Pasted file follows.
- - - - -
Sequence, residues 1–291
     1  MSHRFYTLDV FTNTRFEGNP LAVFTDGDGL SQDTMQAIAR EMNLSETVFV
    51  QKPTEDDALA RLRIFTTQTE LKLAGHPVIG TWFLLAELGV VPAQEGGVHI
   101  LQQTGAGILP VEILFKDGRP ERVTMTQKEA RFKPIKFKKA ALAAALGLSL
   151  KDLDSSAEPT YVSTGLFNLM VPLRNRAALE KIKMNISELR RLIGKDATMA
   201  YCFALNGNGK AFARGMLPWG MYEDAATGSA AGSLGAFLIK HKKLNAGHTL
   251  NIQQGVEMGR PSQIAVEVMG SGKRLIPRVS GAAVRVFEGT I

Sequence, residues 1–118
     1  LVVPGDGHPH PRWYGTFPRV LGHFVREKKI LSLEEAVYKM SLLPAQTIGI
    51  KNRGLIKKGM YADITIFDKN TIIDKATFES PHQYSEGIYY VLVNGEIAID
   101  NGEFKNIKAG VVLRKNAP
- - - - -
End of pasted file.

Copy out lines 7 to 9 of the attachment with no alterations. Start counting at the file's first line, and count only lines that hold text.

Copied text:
   251  NIQQGVEMGR PSQIAVEVMG SGKRLIPRVS GAAVRVFEGT I

Sequence, residues 1–118
     1  LVVPGDGHPH PRWYGTFPRV LGHFVREKKI LSLEEAVYKM SLLPAQTIGI